Screenwriter Shane Black of LETHAL WEAPON fame makes his directorial debut with this film noir gem. Robert Downey, Jr, stars as Harry Lockhart, a petty thief who stumbles into acting and soon finds himself in Los Angeles, auditioning for a film role as a private detective. To help Harry prepare, his new agent arranges for him to shadow real-life P.I. Perry van Shrike, also known as 'Gay Perry', (Val Kilmer). But when Perry takes Harry along on a routine job for a mystery client, the two men witness the disposal of a dead body, and the game suddenly intensifies. Adding to the intrigue is Harmony Faith Lane (Michelle Monaghan), a beautiful and smart-as-a-whip wannabe starlet with whom Harry is so smitten that he pretends to be a real detective. Soon Harry, Perry, and Harmony are tangled in a life-threatening web of murder, deception, and treachery.
Downey is a delight, exhibiting perfect comic timing while infusing Harry with just enough heart to show that, despite appearances, he really is a good guy. Kilmer is the ideal buddy for Downey, playing the no-nonsense private investigator Perry with the right mixture of machismo and stereotypical Tinseltown superficiality. As Harry's dream girl, Harmony, Monaghan embodies the good girl whose dreams are looking increasingly unattainable and who has clearly been around the block more than a couple of times. Top-notch performances combined with Black's wickedly amusing banter and a plot laden with twists and turns make this action-thriller a treat.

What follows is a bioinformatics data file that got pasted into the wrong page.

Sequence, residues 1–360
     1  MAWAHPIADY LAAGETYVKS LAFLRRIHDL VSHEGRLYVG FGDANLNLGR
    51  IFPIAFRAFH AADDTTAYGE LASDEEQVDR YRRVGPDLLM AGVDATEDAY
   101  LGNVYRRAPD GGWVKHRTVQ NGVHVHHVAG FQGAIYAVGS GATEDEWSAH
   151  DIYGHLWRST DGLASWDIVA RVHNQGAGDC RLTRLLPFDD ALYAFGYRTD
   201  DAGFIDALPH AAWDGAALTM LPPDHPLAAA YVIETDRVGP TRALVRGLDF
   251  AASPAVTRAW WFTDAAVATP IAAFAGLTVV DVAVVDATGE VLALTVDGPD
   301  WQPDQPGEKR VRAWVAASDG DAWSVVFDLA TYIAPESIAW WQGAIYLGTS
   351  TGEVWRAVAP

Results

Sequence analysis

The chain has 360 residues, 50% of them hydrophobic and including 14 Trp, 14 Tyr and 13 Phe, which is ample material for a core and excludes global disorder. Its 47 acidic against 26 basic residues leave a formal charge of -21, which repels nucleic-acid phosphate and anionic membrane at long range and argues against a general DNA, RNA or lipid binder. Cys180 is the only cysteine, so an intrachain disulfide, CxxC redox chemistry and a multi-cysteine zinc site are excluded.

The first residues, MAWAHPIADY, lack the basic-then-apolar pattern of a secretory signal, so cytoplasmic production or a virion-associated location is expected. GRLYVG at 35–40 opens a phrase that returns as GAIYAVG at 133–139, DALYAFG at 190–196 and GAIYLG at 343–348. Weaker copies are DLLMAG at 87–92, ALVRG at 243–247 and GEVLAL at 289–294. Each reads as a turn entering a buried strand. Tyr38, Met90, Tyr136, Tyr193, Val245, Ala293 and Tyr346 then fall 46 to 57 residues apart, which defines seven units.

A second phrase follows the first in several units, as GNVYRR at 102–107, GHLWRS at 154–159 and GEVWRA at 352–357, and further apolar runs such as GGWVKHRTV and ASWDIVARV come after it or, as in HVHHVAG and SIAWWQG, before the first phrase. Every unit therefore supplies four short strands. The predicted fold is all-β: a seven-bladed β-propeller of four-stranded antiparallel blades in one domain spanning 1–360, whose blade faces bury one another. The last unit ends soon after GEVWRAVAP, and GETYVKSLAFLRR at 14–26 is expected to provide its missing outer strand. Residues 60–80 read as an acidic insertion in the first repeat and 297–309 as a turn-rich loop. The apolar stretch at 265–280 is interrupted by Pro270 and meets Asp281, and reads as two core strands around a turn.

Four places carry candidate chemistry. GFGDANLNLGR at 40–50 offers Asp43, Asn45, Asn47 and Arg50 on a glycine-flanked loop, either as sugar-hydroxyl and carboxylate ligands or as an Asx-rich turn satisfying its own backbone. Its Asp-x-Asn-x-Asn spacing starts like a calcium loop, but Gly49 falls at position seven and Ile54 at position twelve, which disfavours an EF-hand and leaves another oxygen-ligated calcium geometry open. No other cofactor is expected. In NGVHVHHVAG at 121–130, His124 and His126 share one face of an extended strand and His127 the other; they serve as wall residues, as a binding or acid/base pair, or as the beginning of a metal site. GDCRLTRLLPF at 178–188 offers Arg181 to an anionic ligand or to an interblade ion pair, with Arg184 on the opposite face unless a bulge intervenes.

As a screenwriter, Shane Black made millions of dollars from screenplays for the big-budget action movies Lethal Weapon and The Last Boy Scout, among others. With his directing debut Kiss Kiss, Bang Bang, Black mocks and undercuts every cliche he once helped to invent. While fleeing from the cops, small time hood Harry Lockhart (Robert Downey Jr., Wonder Boys) stumbles into an acting audition--and does so well he gets taken to Hollywood, where--pursuing a girl he loved in high school (foxy Michelle Monaghan, North Country)--he gets caught up in twisty murder mystery. His only chance of getting out alive is a private detective named Gay Perry (Val Kilmer, Wonderland, The Doors), who sidelights as a consultant for movies. No plot turn goes untweaked by Black's clever, witty script, and Downey, Kilmer, and Monaghan clearly have a ball playing their screwball variations on action movie stereotypes. There's nothing profound about Kiss Kiss, Bang Bang, but it brings back wicked mischief to a genre that all often takes itself too seriously. --Bret Fetzer